GNR passenger station

The strength and simplicity of Lewis Cubitt’s design for the main passenger station was strong and simple. The station was constructed of yellow stock brick. Two lunette windows reveal the ribs of the arrival and departure shed roofs behind, and are separated by the central projecting clock tower and projecting sections at the margins. An arched arcade at the front provided a concourse, while the eastern side featured an arched opening to a cab road. The Great Northern Hotel is seen on the left beyond the western offices.

Arrival of Queen Victoria at King’s Cross Station, 1853 (courtesy of SSPL/NRM)

The semi-circular arches spanning the arrival and departure sheds are each 71 ft (22 m) high and 105 ft (32 m) wide. The timber ribs supporting the arches sprang from iron stanchions mounted on the two outer walls and on a third wall that runs down the middle of the station, pierced by broad elliptical arches. The ribs were 20 feet (6 m) apart. The plan shows 41 ribs running the length of the sheds, providing a shed length of 800 feet (244 m). Each rib was laminated, being made up of sixteen 11/2 inch (38 mm) boards screwed and bolted together.

The upper five eighths of the roof was glazed, the remaining lower part being slated over timber boards.

The thrust of the arched roof was taken on the west side by the three-storey office block. On the east side the thrust was taken by wooden flying buttresses spanning the cab road.

The single arrival platform was on the east side of the Arrivals Shed. From here it was but a few steps to the cab rank. This was paved with wooden blocks laid on a sub-stratum of concrete, the station thereby being spared the noise of vehicles and horses. Both arrival and departure platforms were paved with York stone.

The earliest surviving plan of the main passenger station is found in a French treatise on railway engineering. It was drawn in 1858 and published in Nouveau portfeuille de l’ingenieur des chemins de fer, 1866edited by  Eugène Lacroix (courtesy of E-Rara). The following plan and section are extracted from the drawing in this volume. There is an accompanying legend 

The cross-sectional elevation from the same source is drawn from a west-east line that runs through one of the two staircases of the Western Range, the three storey offices aligned alongside the departure platform, presumably the staircase opposite the engineers’ and superintendent’s offices, as the porte cochère or “marquise” is not seen. The Western Range housed the facilities listed in the legend.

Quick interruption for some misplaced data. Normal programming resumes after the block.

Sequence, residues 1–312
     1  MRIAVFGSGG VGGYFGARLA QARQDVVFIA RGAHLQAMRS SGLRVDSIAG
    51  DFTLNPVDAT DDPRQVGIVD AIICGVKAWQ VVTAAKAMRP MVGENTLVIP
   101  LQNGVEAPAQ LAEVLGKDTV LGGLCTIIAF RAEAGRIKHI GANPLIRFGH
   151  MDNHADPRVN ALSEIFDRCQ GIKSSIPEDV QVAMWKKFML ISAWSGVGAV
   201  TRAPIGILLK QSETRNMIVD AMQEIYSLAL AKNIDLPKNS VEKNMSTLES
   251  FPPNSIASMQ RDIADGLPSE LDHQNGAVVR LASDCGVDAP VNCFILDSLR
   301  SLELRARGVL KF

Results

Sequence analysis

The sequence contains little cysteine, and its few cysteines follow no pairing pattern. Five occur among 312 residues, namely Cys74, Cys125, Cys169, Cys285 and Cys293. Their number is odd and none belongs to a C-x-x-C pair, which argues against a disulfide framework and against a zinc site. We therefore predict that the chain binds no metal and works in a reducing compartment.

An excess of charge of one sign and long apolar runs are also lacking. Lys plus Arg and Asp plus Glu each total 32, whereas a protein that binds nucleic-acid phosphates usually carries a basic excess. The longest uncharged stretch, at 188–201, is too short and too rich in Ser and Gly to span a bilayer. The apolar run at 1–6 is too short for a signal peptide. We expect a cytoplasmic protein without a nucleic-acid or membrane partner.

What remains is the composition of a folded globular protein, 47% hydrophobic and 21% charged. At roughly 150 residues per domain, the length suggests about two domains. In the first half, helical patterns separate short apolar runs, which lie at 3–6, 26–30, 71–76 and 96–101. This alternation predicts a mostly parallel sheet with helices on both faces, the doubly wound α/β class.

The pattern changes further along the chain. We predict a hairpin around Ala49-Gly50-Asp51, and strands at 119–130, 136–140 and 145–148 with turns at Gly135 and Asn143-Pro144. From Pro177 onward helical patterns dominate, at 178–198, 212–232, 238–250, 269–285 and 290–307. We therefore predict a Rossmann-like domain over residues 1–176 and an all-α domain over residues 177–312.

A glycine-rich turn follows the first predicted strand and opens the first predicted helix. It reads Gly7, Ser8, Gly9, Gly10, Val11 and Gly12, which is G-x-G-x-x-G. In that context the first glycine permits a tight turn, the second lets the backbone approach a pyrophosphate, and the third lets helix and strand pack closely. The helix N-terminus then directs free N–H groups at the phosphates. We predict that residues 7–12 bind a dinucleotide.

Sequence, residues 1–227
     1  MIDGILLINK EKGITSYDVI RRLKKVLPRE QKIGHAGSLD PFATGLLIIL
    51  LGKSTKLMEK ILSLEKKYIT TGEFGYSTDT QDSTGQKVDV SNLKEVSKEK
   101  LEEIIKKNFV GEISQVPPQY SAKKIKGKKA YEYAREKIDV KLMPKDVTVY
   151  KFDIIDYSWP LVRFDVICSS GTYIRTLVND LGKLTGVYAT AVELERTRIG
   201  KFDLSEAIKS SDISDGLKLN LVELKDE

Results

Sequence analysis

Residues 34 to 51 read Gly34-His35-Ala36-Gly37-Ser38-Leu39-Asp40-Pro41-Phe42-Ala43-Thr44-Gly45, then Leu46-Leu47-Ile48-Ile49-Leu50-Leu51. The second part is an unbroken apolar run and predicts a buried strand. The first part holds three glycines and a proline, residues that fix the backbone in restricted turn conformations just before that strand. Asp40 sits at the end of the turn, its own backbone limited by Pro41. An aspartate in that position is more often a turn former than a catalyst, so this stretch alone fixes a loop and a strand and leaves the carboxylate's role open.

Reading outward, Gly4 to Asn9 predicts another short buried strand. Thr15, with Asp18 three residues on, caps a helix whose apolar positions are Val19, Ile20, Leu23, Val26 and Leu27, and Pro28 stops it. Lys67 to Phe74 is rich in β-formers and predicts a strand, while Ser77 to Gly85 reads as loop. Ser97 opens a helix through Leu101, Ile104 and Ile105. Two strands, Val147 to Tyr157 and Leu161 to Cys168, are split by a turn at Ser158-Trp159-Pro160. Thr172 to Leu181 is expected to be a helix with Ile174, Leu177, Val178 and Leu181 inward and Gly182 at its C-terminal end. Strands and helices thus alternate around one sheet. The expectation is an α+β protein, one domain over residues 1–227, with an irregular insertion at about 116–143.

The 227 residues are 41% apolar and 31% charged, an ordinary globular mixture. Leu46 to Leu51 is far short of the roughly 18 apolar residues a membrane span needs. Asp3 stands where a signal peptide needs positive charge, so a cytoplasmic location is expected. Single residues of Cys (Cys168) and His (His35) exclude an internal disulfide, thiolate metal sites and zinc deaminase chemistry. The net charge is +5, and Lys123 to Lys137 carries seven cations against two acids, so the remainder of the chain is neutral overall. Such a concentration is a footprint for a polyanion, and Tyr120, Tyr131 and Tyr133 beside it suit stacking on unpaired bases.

At the southern end were the Registration Offices (Nos. 1-4) into which Leopold Redpath, the King’s Cross fraudster (Hayes, 2013) moved in 1852 from the Company’s temporary headquarters in Maiden Lane. Promoted to Registrar in 1854, he would, over eight years from 1848, forge share certificates and sell counterfeit shares to a value of £253,000, worth over £20 million today, enjoying a lavish and cultured lifestyle until discovered and deported to Australia.

The single departure platform was on the west side of the Departure Shed. Departing passengers would arrive via Station Road, a cab road leading off Old St. Pancras Road to the station, where they would disembark under the porte cochère or canopy over the entrance to the booking office (“marquise” in plan) and proceed through the Booking Hall (No. 13 in plan) to the Ticket Office (No. 14). Here they would ‘book’ a ticket and make their way to the departure platform with the help of porters if required. They could await their train in a Refreshment Room (No. 23 in plan), managed by the lessee of the Great Northern Hotel, Joseph Dethier.

A second arrival platform was built in 1862 to prevent delays in discharging trains. But until 1893 there was only one main line departure platform - used by 40 trains per day. Two more platforms were added that year, one on either side of the central wall. The same year two-storey offices were built over the cab road together with an iron footbridge to link the offices on the west and east sides.

The eastern (arrivals) train shed roof timbers had deteriorated over time and in 1866-7 the wooden ribs were replaced by iron ribs in the same configuration. A travelling timber stage, as had been used for the larger shed at St. Pancras, was used for the work, being placed in storage on completion in anticipation of further use for the western train shed roof. This was replaced 20 years later, over 1886-7.